14th August 2011
During the start of Riot Week 2011, when many of us were darting wide-eyed between Twitter and rolling news coverage, there was a undeniable feeling of uncertainty. Obviously order was tenuously regained within a matter of days, but because it was difficult to rationalise a reason for the riots starting in the first place, it was even harder to understand when they would stop. Looting and arson seemed to be breaking out in locations arbitrarily. Why exactly were people raiding high streets in Birmingham, Liverpool or Bristol because of the activity going on in Tottenham?
A few people on Facebook and Twitter were quick to make wry allusions toward classic apocalyptic tropes. A comment like “It starts with isolated events…” might earn itself a dozen or so likes and replies within minutes. The implication was, invariably, that these riots were the media misinterpreting the dawn of a zombie/ ‘crazie’ uprising. It was an excuse for some people – the ones with Walking Dead collections and healthy Gamerscores – to fall, misty eyed, into a state of mental preparedness.
It’s hard to calculate precisely what proportion of people have had, at one time, an “undead survival strategy” (how can the property be secured; what immediately available object could be re-appropriated as a weapon; food and water supplies; who needs ‘saving’; routes out of the city etc. etc.) but it must be enough to have warranted the success of Max Brook’s The Zombie Survival Guide, Pegg and Wright’s Shaun of the Dead and Valve’s Left 4 Dead series.
It’s tempting to predict the future of digital culture has only two certainties: zombies and kittens. It’s difficult to imagine what sort of backlash would be significant enough to counter the cultural inertia that both memes possess. Though the undead seem to have been a perennial example since even before Romero, there are other du jour harbingers of the apocalypse too: aliens, viruses, the weather, the environment, meteorites, magnetism, plants, robots, nuclear war etc.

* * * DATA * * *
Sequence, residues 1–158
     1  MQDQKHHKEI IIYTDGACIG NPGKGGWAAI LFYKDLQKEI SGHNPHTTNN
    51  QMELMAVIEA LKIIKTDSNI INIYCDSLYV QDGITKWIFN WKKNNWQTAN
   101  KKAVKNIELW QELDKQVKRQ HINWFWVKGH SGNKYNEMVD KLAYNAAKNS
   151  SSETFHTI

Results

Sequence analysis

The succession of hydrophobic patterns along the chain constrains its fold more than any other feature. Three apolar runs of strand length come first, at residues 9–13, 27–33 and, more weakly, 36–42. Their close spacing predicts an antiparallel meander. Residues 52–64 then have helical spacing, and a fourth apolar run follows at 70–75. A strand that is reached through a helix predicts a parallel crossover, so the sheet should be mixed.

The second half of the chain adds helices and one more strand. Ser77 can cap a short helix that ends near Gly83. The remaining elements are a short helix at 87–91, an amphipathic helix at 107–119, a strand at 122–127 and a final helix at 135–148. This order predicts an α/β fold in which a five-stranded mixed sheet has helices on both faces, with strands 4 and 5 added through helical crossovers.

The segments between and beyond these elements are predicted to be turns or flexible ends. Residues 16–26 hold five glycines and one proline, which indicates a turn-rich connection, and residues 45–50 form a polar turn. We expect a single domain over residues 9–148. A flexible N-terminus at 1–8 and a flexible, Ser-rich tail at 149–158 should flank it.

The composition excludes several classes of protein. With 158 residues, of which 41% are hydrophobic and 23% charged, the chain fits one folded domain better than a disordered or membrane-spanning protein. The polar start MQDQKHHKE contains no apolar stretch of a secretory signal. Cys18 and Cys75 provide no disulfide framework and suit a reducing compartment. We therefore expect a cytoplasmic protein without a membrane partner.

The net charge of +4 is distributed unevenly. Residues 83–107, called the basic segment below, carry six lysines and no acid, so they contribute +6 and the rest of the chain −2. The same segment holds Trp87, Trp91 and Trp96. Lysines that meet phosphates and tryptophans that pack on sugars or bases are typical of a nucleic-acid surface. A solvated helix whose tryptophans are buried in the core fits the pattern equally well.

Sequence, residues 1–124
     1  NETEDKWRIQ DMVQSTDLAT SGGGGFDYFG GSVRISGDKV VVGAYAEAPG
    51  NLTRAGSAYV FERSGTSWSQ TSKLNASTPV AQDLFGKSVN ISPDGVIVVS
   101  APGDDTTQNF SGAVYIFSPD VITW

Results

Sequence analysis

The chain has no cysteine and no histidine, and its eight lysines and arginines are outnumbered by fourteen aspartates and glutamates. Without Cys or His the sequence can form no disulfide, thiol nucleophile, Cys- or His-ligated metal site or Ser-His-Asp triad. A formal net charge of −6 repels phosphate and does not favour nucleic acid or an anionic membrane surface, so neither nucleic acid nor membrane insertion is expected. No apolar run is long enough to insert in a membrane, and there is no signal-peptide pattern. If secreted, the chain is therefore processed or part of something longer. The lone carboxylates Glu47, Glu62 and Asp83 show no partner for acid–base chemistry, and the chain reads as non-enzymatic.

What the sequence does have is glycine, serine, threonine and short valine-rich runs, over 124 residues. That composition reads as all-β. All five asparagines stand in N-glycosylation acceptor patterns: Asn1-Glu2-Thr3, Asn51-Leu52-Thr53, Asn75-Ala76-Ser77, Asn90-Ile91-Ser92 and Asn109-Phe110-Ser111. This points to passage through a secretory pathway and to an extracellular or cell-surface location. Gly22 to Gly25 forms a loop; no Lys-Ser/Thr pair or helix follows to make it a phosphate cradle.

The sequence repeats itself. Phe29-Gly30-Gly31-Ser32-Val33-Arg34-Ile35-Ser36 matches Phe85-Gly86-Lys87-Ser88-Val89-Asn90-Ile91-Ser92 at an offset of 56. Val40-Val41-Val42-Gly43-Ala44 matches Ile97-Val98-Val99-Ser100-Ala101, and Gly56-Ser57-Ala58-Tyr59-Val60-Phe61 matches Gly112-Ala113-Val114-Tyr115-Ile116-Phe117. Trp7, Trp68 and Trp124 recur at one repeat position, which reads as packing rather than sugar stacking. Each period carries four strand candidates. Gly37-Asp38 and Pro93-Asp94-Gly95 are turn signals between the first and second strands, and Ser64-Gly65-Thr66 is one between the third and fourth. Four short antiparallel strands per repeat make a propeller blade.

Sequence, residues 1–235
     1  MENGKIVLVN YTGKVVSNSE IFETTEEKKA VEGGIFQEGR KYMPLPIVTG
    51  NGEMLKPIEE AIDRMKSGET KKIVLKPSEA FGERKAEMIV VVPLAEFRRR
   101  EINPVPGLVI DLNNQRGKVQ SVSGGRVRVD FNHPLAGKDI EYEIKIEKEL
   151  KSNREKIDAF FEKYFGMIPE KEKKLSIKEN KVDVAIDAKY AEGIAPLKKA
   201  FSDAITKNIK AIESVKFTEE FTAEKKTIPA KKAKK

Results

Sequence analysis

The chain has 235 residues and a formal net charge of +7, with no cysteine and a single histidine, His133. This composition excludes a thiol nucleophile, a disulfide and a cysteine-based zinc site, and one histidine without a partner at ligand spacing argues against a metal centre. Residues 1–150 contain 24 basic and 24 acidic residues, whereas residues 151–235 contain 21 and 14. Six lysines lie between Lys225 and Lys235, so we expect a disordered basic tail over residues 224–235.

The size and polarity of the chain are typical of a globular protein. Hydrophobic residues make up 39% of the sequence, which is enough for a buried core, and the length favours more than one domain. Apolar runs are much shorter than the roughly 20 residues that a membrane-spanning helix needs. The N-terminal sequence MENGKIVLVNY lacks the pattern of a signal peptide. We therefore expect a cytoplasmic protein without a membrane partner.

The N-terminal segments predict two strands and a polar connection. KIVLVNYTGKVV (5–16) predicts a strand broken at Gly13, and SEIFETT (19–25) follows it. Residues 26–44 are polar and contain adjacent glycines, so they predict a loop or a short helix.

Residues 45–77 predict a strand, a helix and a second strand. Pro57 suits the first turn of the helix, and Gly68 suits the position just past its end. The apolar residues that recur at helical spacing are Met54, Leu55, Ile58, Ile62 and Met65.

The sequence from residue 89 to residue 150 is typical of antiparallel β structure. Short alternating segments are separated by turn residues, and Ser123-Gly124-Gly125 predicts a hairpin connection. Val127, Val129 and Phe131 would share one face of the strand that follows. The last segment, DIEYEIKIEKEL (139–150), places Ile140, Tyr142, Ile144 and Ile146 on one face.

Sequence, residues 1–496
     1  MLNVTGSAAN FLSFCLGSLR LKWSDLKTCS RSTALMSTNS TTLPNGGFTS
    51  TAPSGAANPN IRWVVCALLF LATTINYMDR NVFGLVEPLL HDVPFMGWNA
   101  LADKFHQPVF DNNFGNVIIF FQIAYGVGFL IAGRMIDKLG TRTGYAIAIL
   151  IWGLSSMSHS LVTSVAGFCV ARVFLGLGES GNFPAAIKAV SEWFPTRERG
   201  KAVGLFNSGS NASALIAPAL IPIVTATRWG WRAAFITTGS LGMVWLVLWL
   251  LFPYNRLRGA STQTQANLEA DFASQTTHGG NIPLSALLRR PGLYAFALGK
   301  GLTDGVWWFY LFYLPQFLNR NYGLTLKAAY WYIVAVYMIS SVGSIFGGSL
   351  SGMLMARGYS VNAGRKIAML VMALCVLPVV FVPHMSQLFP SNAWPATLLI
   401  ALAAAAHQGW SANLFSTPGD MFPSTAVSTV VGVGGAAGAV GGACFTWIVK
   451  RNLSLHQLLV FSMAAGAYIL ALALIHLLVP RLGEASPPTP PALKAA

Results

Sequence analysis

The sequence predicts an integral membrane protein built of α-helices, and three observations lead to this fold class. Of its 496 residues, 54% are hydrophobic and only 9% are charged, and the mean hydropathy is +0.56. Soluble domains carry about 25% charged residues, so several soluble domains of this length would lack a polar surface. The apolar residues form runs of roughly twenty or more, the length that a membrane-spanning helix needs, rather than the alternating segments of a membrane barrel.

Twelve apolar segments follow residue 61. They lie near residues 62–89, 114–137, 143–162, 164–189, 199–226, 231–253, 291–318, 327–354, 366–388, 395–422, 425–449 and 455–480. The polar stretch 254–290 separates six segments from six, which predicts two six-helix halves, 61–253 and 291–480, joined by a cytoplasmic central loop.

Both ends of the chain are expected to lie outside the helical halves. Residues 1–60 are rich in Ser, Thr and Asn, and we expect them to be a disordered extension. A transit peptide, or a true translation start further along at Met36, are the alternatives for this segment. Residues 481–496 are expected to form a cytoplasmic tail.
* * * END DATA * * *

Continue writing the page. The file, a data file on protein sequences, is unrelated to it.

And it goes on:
But where is the appeal? How can the apocalyptic fiction industry be so successful? Why indulge in a mind game in which most of your friends, family and colleagues die a painful, traumatic death? Gross schadenfreude? A fetish for unrestrained commercial consumption? The idea of rebuilding society according to one’s own ideals? Subconscious manifestation of genetic competitiveness?
Perhaps it’s nothing more than a lust for adventure and exploration coupled with a resentment for restrictive aspects of western twentieth century living. We have an enormous legacy of exploration, but no frontiers left to investigate*. To quote The Truman Show: “you’re too late, there’s really nothing left to explore”. Global disaster wipes that slate clean – the familiar becomes unknown; the rules are broken; the old order is gone.
How can apocalust be sated? Well, games, films, literature and television drama seem to be doing a good job already – the demand is satisfactorily met. It might be argued that they’re fuelling the desire too, but in general there are more than enough fantasy frontiers out there to explore in fiction, doomsday related or not. But if the illusion no longer works, then there’s always the potential to go travelling. After all, just because everywhere on earth is known by it’s people, it’s not to say the individuals cannot discover new things for themselves.
* – of course, there are tonnes of frontiers left to explore, scientifically: medicine, astronomy, marine ecology etc. But not a lot is open for the every man, and not in a way so literal as, say, the colonisation of the Americas.